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Puerto Rico Equal Pay Act Aims to Close Gender Pay Gap

On March 8, 2017, Puerto Rico continued the overhaul of its employment laws by enacting, with immediate effect, Act No. 16, known as the “Puerto Rico Equal Pay Act.” The act is not only similar to the federal Equal Pay Act of 1963, it also requires that Puerto Rico courts interpret the act in accordance with its federal counterpart and related federal regulations. Some of the key provisions of the act are summarized below.

Prohibition on Salary Discrimination

The act prohibits  pay discrimination based on sex against employees who perform work that requires equal skill, effort, and responsibility under similar work conditions unless the difference in pay is based on: (i) a bona fide system that rewards seniority or merit; (ii) a compensation system that is based on quantity or quality of production, sales, or profits; (iii) education, training, or experience, to the extent that these factors are reasonably related to the work in question; or (iv) any other reasonable factor that is not related to sex.

Illegal Practices

The act proscribes the following illegal practices:

  1. asking an applicant, or his or her current or past employer, about the applicant’s salary history, unless the applicant voluntarily provides such information or the potential employer and applicant have already negotiated a salary and an offer of employment has been made, in which case the potential employer may inquire or confirm the potential employee’s salary history;

  2. prohibiting an employee or applicant  from asking, discussing, soliciting, or divulging information about his or her salary or the salary of another employee who performs a comparable job (save for very narrow exceptions for human resources, supervisory, and managerial personnel, and other employees with permitted access to employee compensation data); and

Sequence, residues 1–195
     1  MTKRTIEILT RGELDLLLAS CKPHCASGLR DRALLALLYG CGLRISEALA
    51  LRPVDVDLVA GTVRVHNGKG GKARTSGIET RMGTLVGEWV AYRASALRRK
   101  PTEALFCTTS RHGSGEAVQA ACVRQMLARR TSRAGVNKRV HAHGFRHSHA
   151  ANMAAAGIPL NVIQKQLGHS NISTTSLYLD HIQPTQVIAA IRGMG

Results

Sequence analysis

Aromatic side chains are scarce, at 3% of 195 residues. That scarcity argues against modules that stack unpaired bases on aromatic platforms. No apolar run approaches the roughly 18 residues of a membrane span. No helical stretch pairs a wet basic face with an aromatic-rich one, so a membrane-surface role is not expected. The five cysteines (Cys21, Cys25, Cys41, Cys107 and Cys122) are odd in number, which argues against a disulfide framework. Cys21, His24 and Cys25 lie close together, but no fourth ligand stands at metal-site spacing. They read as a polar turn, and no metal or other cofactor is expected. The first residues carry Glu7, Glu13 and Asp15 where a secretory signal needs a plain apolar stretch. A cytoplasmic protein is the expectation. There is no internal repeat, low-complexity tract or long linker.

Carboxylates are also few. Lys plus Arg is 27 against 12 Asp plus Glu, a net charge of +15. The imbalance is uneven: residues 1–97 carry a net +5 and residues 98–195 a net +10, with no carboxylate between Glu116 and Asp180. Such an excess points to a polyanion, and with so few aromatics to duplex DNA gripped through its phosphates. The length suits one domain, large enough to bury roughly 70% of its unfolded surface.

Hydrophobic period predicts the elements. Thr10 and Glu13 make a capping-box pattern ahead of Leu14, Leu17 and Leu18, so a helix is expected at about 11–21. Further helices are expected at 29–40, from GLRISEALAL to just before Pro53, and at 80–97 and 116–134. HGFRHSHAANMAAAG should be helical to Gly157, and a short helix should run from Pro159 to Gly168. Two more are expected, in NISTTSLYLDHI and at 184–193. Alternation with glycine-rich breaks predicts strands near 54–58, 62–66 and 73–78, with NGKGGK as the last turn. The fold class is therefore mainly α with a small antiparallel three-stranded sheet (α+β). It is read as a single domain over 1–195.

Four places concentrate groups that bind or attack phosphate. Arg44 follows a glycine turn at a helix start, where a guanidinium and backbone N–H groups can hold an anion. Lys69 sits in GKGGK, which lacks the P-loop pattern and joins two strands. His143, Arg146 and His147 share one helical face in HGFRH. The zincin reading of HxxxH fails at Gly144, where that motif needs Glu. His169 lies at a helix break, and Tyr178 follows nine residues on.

3. terminating, threatening, discriminating, or otherwise retaliating against an employee in relation to his or his terms, conditions, compensation, location, benefits, or privileges of employment because the employee: (i) divulged his or her salary or asked about or discussed the salary of other employees; (ii) objected to any act or practice that has been declared illegal by the act; (iii) filed a complaint pursuant to the act; or (iv) offered or intended to offer, verbally or in writing, any testimony, expression, or information as part of an investigation against his or her employer due to violations of the act.

Civil Actions and Penalties

The act allows an employee who alleges pay discrimination to bring a civil claim for twice the amount of the pay discrepancy. This amount includes actual damages for the pay discrepancy plus an additional penalty in the amount of the discrepancy. The employee is also entitled to reasonable costs and attorneys’ fees. An employer may avoid the additional pay discrepancy penalty if, within a year before the filing of the claim, it has initiated or completed, in good faith, a self-evaluation of its compensation policies and taken reasonable efforts to eliminate pay disparities based on sex. 

In the same vein, if an employer engages in any of the illegal practices described in the section above, the employee will be entitled to double the amount of damages caused by the employer’s illegal action. 

© 2020, Ogletree, Deakins, Nash, Smoak & Stewart, P.C., All Rights Reserved.National Law Review, Volume VII, Number 79



About this Author

Diana Nehro, Employment Attorney, Global, Ogletree Deakins Law FIrm

Ms. Nehro is the Deputy to the Chair of the International Practice Group of Ogletree Deakins and is based in the firm’s Boston office. Ms. Nehro assists clients in efficiently and effectively managing international labor and employment issues in an ever-expanding global economy. Ms. Nehro has experience in advising multinational clients in connection with the establishment and management of international workforces, including the preparation and enforcement of personnel policies and employment agreements, compensation and benefits, litigation avoidance and strategy, as well as general...

Enrique Del Cueto-Perez, labor, employment, global, Ogletree Deakins Law FIrm

Enrique A. Del Cueto-Pérez is a full-time member of the International Practice Group of Ogletree Deakins, based in the firm’s Boston office, which assists multinational companies in efficiently and effectively managing labor and employment law issues in an ever-expanding global economy.

Ryan Correia, Associate, Ogletree Deakins Law Firm, employment law, global

Mr. Correia is an Associate Attorney in the International Practice Group of Ogletree Deakins, which provides worldwide labor and employment law support to over 100 countries. He has experience in the international field through internships in Brazil and The Netherlands where he worked on projects including an internal investigation of a Brazilian company regarding kickbacks and the drafting of incorporation agreements. Mr. Correia is fluent in Spanish and proficient in Portuguese and focuses his practice on Latin America. On the domestic side, he interned at Fish and Richardson, an...